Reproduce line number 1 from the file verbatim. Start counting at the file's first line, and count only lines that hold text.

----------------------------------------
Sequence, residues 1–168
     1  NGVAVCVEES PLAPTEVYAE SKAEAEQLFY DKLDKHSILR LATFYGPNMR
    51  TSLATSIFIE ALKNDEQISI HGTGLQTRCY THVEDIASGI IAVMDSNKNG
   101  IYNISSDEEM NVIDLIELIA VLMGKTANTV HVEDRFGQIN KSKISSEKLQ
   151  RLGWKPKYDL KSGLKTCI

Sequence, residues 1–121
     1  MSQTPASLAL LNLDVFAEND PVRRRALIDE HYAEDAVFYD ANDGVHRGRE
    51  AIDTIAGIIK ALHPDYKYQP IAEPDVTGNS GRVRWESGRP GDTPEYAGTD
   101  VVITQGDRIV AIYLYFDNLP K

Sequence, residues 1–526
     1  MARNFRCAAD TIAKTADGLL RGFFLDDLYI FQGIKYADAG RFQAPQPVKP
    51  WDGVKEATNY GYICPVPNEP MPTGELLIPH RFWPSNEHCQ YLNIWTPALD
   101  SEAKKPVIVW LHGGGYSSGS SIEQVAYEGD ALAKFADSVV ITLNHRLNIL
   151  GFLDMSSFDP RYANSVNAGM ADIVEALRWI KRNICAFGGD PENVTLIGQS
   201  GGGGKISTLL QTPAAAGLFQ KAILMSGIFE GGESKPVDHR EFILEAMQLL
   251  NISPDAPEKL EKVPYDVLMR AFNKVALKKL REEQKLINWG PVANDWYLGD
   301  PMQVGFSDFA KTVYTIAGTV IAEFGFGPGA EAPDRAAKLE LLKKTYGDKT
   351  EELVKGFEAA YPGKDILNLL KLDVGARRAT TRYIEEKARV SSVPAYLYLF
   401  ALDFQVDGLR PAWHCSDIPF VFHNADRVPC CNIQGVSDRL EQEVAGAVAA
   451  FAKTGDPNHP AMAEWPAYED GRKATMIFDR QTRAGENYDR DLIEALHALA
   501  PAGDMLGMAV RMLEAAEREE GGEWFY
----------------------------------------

Sequence, residues 1–168